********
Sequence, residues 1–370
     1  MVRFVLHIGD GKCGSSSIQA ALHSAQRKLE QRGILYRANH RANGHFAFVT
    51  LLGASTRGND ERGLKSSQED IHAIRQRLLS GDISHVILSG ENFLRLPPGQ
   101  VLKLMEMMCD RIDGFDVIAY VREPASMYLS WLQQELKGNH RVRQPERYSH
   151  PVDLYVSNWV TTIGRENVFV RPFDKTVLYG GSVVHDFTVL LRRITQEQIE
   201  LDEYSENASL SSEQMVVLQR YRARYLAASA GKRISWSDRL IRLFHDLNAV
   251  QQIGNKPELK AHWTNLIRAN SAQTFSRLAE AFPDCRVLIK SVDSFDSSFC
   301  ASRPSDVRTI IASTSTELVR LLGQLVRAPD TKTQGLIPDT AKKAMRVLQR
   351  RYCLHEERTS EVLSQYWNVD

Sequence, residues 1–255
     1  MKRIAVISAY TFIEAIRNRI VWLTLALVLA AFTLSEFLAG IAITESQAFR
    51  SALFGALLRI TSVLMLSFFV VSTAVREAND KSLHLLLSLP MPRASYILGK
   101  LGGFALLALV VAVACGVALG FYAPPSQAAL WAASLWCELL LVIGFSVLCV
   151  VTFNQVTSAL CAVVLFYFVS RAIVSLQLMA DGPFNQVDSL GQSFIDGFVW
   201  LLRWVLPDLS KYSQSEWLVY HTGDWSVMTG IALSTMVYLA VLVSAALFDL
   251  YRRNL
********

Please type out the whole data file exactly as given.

Sequence, residues 1–370
     1  MVRFVLHIGD GKCGSSSIQA ALHSAQRKLE QRGILYRANH RANGHFAFVT
    51  LLGASTRGND ERGLKSSQED IHAIRQRLLS GDISHVILSG ENFLRLPPGQ
   101  VLKLMEMMCD RIDGFDVIAY VREPASMYLS WLQQELKGNH RVRQPERYSH
   151  PVDLYVSNWV TTIGRENVFV RPFDKTVLYG GSVVHDFTVL LRRITQEQIE
   201  LDEYSENASL SSEQMVVLQR YRARYLAASA GKRISWSDRL IRLFHDLNAV
   251  QQIGNKPELK AHWTNLIRAN SAQTFSRLAE AFPDCRVLIK SVDSFDSSFC
   301  ASRPSDVRTI IASTSTELVR LLGQLVRAPD TKTQGLIPDT AKKAMRVLQR
   351  RYCLHEERTS EVLSQYWNVD

Sequence, residues 1–255
     1  MKRIAVISAY TFIEAIRNRI VWLTLALVLA AFTLSEFLAG IAITESQAFR
    51  SALFGALLRI TSVLMLSFFV VSTAVREAND KSLHLLLSLP MPRASYILGK
   101  LGGFALLALV VAVACGVALG FYAPPSQAAL WAASLWCELL LVIGFSVLCV
   151  VTFNQVTSAL CAVVLFYFVS RAIVSLQLMA DGPFNQVDSL GQSFIDGFVW
   201  LLRWVLPDLS KYSQSEWLVY HTGDWSVMTG IALSTMVYLA VLVSAALFDL
   251  YRRNL